The Board of Education, Topeka, Kansas
In each of the cases, minors of the Negro race, through their legal representatives, seek the aid of the courts in obtaining admission to the public schools of their community on a nonsegregated basis. In each instance, [347 U.S. 483, 488] they had been denied admission to schools attended by white children under laws requiring or permitting segregation according to race. This segregation was alleged to deprive the plaintiffs of the equal protection of the laws under the Fourteenth Amendment. In each of the cases other than the Delaware case, a three-judge federal district court denied relief to the plaintiffs on the so-called “separate but equal” doctrine announced by this Court in Plessy v. Ferguson, 163 U.S. 537 . Under that doctrine, equality of treatment is accorded when the races are provided substantially equal facilities, even though these facilities be separate. In the Delaware case, the Supreme Court of Delaware adhered to that doctrine, but ordered that the plaintiffs be admitted to the white schools because of their superiority to the Negro schools.
Brown v. The Topeka Board of Education
Brown v. Board of Education, 347 U.S. 483 (1954), was a landmark Supreme Court case that overturned the “separate but equal” doctrine of Plessy v. Ferguson, 169 U.S. 537 (1896), ruling that blacks and whites be allowed to attend the same public schools. The decision was a major blow to the system of southern de jure segregation, which required by law that blacks and whites be separated in all areas of public facilities, such as waiting rooms, restaurants, hotels, buses and trains, drinking fountains, and even cemeteries.
In approaching this problem, we cannot turn the clock back to 1868 when the Amendment was adopted, or even to 1896 when Plessy v. Ferguson was written. We must consider public education in the light of its full development and its present place in American life throughout [347 U.S. 483, 493] the Nation. Only in this way can it be determined if segregation in public schools deprives these plaintiffs of the equal protection of the laws.
The Board ofEducation, Topeka, KansasThe Supreme Court decision in
But Rabbi Rackman was not just about rhetoric. He was deeply concerned that other Orthodox leaders understand the stakes of American civil rights. Consequently, Rabbi Rackman took full advance of his station when the Supreme Court decided Brown v. Board of Education sixty years ago, on May 17, 1954. The court’s unanimous ruling declared de jure racial segregation illegal. At that time, Rabbi Rackman was chairman of the RCA’s Convention Committee and slated to become the organization’s president at the upcoming gathering. The July convention in Detroit was to take place just two months after the landmark court case and Rabbi Rackman sought to sensitize the 600 Orthodox rabbis and leaders to the burgeoning Civil Rights Movement. A year earlier, the RCA had resolved to back school desegregation, but that was not enough for Rabbi Rackman. So he invited Maxwell M. Rabb, associate counsel to President Eisenhower, to keynote the forthcoming conference.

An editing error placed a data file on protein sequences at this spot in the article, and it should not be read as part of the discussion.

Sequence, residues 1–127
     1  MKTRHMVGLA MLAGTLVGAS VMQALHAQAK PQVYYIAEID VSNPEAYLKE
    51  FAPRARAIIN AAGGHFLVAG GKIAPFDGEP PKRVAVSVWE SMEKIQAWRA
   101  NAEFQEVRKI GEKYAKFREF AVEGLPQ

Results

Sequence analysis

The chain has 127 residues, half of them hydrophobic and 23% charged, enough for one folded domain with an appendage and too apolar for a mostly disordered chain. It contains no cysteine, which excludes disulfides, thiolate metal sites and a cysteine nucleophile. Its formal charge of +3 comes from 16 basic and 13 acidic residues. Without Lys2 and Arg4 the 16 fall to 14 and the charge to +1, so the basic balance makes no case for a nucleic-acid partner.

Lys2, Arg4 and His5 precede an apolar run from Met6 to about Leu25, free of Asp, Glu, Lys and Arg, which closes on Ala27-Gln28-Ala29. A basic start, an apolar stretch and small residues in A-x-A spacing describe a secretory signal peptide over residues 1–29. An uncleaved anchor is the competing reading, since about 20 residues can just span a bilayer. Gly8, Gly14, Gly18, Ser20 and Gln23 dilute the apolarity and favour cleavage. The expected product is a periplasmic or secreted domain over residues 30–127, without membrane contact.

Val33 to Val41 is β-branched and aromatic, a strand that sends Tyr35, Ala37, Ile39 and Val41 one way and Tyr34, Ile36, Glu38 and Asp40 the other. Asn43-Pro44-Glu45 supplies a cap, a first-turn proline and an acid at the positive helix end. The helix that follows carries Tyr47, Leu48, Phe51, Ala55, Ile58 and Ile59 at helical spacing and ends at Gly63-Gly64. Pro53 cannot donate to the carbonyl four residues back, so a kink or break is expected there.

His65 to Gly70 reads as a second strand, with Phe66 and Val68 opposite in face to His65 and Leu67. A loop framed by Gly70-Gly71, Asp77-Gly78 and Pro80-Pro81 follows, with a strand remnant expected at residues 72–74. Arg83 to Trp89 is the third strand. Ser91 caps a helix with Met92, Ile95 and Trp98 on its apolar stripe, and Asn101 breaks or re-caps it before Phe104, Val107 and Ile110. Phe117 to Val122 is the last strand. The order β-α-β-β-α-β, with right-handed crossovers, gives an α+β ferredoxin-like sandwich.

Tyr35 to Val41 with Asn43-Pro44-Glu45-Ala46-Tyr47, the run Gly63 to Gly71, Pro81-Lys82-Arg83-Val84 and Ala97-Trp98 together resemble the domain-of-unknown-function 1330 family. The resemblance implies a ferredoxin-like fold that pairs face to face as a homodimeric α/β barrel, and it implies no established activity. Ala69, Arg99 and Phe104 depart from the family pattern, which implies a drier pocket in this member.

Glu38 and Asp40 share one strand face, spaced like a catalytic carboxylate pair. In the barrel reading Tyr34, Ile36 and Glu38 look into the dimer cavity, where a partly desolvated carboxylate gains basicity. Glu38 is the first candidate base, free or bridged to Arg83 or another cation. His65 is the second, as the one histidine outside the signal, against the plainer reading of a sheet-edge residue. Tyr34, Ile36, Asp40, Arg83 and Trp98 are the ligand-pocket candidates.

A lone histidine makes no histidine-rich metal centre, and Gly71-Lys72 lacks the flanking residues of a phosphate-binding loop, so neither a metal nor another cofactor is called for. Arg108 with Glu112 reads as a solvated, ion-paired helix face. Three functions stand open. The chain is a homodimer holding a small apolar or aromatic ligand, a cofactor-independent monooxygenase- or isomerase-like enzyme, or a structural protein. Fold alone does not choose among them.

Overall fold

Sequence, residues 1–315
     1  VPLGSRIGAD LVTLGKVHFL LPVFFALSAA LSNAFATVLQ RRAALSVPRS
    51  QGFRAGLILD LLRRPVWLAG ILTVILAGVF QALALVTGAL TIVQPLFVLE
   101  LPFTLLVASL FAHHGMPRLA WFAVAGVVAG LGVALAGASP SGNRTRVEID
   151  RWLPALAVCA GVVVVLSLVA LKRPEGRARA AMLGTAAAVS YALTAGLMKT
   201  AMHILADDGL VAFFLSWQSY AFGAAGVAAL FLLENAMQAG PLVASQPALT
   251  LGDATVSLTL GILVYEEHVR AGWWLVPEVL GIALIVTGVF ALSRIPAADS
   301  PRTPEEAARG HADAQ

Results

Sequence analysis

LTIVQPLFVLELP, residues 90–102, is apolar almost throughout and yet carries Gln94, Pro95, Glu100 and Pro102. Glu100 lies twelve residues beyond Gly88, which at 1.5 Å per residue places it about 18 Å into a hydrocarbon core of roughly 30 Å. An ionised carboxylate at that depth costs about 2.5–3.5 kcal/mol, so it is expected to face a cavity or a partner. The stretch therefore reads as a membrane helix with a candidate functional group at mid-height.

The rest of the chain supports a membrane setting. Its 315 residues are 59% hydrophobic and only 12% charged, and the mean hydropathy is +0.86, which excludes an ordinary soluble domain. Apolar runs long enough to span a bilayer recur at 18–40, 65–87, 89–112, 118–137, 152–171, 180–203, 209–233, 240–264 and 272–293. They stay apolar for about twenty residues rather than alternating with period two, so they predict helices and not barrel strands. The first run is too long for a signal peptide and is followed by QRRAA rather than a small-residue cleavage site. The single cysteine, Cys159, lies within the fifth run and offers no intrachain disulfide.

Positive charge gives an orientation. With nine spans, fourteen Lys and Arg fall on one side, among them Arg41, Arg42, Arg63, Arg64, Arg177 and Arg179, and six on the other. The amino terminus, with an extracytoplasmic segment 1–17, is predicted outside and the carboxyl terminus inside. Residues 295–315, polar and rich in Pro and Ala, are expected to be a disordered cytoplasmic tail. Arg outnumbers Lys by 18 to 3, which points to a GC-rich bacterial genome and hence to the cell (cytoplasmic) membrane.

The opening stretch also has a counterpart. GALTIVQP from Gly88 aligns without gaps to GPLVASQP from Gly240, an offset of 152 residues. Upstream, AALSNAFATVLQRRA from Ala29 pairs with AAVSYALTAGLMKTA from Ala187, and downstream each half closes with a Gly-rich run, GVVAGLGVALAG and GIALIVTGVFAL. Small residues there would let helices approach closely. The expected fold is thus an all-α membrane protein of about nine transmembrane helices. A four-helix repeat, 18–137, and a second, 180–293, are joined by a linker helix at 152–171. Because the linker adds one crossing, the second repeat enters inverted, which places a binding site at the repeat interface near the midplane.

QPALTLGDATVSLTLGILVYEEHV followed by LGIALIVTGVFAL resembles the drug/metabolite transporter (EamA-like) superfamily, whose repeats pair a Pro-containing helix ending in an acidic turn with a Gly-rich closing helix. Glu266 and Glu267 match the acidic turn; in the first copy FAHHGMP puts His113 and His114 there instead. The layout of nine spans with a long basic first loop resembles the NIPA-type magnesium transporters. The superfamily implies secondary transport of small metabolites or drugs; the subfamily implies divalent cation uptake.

Board of Education of Topeka, Kansas
The Board of Education's defense was this, because segregation in Topeka and elsewhere pervaded many other aspects of life, segregated schools simply prepared black children for the segregation they would face during adulthood.
Brown v Board of Ed. Topeka Kansas (1954)
In 2006, the Supreme Court reassessed Brown’s legal interpretation in two cases, dealing with Seattle, Washington, and Louisville, Kentucky. Both cities had color-conscious policies that specifically sought to create a more balanced and racially integrated school system. Although students in each city had school choice, they could be denied admission based on race if their attendance would disrupt the racial balance in the school. On June 27, 2007, the Supreme Court ruled by a 5-4 vote along ideological grounds that school admission programs in Seattle and Louisville violated the Constitution’s guarantee of equal protection to individuals. Because this decision stipulates race cannot be used to decide where students go to school, educators believe it may lead many districts to drop efforts at racially balancing schools.
Board of Education of Topeka,Kansas, decision.
Whatever may have been the extent of psychological knowledge at the time of Plessy v. Ferguson, this finding is amply supported by modern authority. 11 Any language [347 U.S. 483, 495] in Plessy v. Ferguson contrary to this finding is rejected.
We conclude that in the field of public education the doctrine of “separate but equal” has no place. Separate educational facilities are inherently unequal. Therefore, we hold that the plaintiffs and others similarly situated for whom the actions have been brought are, by reason of the segregation complained of, deprived of the equal protection of the laws guaranteed by the Fourteenth Amendment. This disposition makes unnecessary any discussion whether such segregation also violates the Due Process Clause of the Fourteenth Amendment. 12